Learning how to make weedless fishing hooks with wire can take some time, but once you have it down, it is fairly easy. Only a few items are needed, and it only takes a few minutes to construct a weedless hook from a standard fishing hook once you've gotten the hang of it. The following are the guidelines.
To construct a weedless fishing hook with wire, you will need:
- standard fishing hook
- 20 lb bite wire (wire leader for fishing)
Once you have all of the materials, you may begin. Here is how to do it:
- Cut a one foot section of the bite wire from its spool. Insert one end of the wire through the eye of the hook, and bend the wire back in a "v" shape, bent at the middle.
- Hold the hook by its bend in your hand, and turn it upside down so that the point is up. Make sure that one end of the bent wire that runs through the eye of the hook is facing back, on top of the hook shank as the hook is upside down, pinched between your fingers at its base.
- Move fingers up the hook to hold the wire in position (one end should be facing back, toward the hook's point). Then, move your fingers to the other end of the wire, holding the end facing the top of the upside down shank. Tightly wrap it just behind the eye of the hook with the end facing back to secure its position. Wrap it about three times.
- Tie a half-hitch knot, pull the tag (the half of the wire that was used in the wrapping) tight with the pliers, and trim it. You should now have a hook with a wire facing back toward the hook's point, and the other end of that piece of wire wrapping the guard section just behind the eye. Bend the guard piece of wire, which was wrapped over by the other piece, into place; it should be pulled up from the shank to create an angle wider than that from where it is wrapped to the point of the hook. Trim the wire weed guard with pliers so that it extends just a little bit further than the point of the hook is from the eye.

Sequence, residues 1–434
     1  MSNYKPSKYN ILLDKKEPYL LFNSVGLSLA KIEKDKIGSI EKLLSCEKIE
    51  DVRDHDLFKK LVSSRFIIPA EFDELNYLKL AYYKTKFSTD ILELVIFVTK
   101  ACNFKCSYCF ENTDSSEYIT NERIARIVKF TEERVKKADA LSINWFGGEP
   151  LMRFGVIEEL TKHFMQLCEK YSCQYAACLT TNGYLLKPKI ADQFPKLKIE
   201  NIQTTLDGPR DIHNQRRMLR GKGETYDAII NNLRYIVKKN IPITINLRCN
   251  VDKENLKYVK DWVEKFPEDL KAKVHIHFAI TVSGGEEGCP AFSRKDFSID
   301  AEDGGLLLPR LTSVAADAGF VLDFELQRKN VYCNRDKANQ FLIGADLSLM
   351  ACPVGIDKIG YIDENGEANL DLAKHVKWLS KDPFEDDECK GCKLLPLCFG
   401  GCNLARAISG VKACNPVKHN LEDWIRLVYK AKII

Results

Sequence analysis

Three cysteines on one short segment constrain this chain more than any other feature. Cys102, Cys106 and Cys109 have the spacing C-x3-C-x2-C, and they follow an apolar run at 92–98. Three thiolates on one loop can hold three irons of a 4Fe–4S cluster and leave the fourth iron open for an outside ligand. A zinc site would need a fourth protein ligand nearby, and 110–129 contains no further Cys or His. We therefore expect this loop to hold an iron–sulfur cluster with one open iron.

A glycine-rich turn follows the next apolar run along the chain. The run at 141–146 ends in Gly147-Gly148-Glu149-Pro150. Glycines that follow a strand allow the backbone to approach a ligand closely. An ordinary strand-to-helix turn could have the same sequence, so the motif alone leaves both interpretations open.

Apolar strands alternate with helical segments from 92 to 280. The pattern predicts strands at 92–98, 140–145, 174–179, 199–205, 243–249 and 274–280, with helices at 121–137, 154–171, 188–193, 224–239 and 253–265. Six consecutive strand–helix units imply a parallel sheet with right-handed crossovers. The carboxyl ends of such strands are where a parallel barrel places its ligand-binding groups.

- Once the angle is right, mix a little bit of five-minute epoxy, and coat the wire wraps behind the eye of the hook. After that dries, the weedless hook may be used.
It takes a little while to get used to, but there are some things that can make the process of constructing weedless hooks easier. Using thinner wire makes the wrapping part easier, and it can also make for a better weed guard. Be sure that, when finished, the guard is bent back, but not close to the shank so that it falls inside of the hook's point. This will cause it to be ineffective; if the hook point can grab weeds when in the water (instead of having weeds deflected by the guard), it will not work. Run your finger gently along the underside of the hook. If you feel no prick, and the wire guard is somewhat sturdy, the weedless hook should work just fine.